The environment isn’t just Donald Trump’s second least favourite e-word – its preservation will ultimately decide whether human beings will continue to roam this earth for centuries to come or if we all die in a raging inferno.
Recognizing this, European leaders set a series of climate and energy targets for the year 2020 in 2007. These included a 20% cut in greenhouse gas emissions (from 1990 levels), deriving 20% of EU energy from renewables, and a 20% improvement in energy efficiency. Legislation was enacted in 2009 to achieve these goals.
Earlier this week, Europe announced it had surpassed its target to reduce greenhouse gas emissions five years early. They’ve plunged to the lowest level ever recorded across the bloc as member states reported an estimated 23% drop in emissions between 1990 and 2014. The EU’s economy, during this time, has grown by 46%.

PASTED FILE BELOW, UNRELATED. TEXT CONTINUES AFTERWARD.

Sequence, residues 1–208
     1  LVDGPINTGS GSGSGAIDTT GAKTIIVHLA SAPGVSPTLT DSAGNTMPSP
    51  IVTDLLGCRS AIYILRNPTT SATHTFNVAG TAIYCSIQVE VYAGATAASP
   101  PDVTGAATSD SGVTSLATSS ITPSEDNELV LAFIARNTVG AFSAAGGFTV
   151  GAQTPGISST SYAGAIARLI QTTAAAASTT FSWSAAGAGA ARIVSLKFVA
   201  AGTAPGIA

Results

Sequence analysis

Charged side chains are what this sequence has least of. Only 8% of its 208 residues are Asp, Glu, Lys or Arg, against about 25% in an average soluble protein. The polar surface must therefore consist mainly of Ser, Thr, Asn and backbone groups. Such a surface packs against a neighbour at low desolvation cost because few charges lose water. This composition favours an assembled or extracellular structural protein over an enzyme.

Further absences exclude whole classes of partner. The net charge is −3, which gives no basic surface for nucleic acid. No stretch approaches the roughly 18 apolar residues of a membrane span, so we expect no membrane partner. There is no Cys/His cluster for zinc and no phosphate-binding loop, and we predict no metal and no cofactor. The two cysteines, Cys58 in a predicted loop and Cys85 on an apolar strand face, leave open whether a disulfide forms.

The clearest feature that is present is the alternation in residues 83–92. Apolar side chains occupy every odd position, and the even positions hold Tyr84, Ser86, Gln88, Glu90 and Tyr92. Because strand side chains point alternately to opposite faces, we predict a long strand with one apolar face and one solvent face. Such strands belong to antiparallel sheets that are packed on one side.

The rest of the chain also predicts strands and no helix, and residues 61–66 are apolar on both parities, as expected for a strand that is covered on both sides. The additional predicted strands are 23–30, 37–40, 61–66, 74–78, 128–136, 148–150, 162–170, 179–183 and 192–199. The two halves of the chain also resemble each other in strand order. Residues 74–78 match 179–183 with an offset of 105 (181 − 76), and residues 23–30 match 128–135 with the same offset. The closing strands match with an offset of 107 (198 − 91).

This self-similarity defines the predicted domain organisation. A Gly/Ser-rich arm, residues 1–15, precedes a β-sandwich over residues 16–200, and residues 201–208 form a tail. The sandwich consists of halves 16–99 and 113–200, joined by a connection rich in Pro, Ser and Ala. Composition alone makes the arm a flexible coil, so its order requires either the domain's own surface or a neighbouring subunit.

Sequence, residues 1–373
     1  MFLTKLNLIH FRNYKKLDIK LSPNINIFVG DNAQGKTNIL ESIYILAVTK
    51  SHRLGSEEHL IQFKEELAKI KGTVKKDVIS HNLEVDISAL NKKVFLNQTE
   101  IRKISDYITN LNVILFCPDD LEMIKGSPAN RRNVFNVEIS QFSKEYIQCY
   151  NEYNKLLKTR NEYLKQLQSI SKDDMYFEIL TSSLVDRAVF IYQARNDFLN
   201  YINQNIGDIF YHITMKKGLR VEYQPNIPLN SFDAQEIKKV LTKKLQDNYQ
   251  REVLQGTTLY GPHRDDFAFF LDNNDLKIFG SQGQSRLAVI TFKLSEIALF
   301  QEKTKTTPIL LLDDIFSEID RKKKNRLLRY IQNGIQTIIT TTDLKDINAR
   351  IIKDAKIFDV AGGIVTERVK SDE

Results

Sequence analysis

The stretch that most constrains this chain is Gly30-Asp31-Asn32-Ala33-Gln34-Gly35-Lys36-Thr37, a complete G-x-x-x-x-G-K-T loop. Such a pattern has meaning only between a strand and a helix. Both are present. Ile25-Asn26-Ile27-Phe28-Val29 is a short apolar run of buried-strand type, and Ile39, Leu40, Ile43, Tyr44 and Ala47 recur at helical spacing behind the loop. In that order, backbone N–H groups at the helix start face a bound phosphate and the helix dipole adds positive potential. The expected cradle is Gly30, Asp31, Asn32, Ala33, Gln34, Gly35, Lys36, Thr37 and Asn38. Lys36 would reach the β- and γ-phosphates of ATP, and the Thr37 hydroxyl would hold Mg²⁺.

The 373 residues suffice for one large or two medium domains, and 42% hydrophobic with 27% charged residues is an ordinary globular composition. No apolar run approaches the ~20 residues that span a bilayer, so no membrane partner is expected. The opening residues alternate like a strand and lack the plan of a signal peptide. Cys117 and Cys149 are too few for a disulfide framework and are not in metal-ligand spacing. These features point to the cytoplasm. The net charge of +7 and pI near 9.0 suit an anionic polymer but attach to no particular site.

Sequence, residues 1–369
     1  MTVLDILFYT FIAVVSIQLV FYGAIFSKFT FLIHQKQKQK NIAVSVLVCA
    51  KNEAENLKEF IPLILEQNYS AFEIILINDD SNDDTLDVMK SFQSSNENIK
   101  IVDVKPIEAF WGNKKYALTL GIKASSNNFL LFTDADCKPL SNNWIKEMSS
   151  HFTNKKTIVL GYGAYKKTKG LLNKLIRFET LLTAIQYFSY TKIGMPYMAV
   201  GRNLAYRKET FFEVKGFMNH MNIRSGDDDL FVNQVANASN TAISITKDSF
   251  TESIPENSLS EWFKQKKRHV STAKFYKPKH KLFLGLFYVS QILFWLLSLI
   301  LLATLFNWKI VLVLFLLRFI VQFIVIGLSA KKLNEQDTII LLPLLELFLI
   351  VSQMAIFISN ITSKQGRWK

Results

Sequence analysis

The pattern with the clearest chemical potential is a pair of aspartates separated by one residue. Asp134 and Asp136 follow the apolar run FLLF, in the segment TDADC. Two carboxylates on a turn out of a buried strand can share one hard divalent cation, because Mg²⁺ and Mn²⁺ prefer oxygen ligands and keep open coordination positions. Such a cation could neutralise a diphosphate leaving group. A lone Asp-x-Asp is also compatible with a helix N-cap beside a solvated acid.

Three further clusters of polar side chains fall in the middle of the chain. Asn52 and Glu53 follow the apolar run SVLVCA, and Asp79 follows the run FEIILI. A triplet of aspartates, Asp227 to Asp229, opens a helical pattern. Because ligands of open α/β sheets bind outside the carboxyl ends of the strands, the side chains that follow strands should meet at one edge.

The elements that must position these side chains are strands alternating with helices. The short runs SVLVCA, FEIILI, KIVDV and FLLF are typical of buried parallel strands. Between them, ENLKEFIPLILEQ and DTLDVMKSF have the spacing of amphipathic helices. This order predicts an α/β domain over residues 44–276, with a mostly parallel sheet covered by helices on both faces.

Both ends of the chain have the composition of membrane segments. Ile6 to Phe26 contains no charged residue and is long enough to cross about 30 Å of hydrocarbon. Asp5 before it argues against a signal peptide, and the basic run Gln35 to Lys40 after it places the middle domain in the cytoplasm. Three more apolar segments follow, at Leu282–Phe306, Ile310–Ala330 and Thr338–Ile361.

“We have shown consistently that climate protection and economic growth go hand-in-hand,” said EU climate chief Miguel Arias Canete. “This is a strong signal ahead of the Paris climate conference.”
December’s negotiations in Paris will also offer Canada an opportunity to present itself as a leader on environmental policy, which newly elected Prime Minister Justin Trudeau has outlined as a priority after a decade that saw us ditch the Kyoto treaty and shield the energy industry from global commitments to cut carbon emissions. Trudeau yesterday invited provincial leaders to join him in Paris to “establish a strong position so that people know that Canada’s years of being a less-than-enthusiastic actor on the climate change file are behind us.”
Canada is on pace to fail in its commitment to cut emissions 17 per cent by 2020 under the Copenhagen Accord, which suggests it may be most beneficial for Trudeau to spend the next 40 days setting environmental targets for 2030.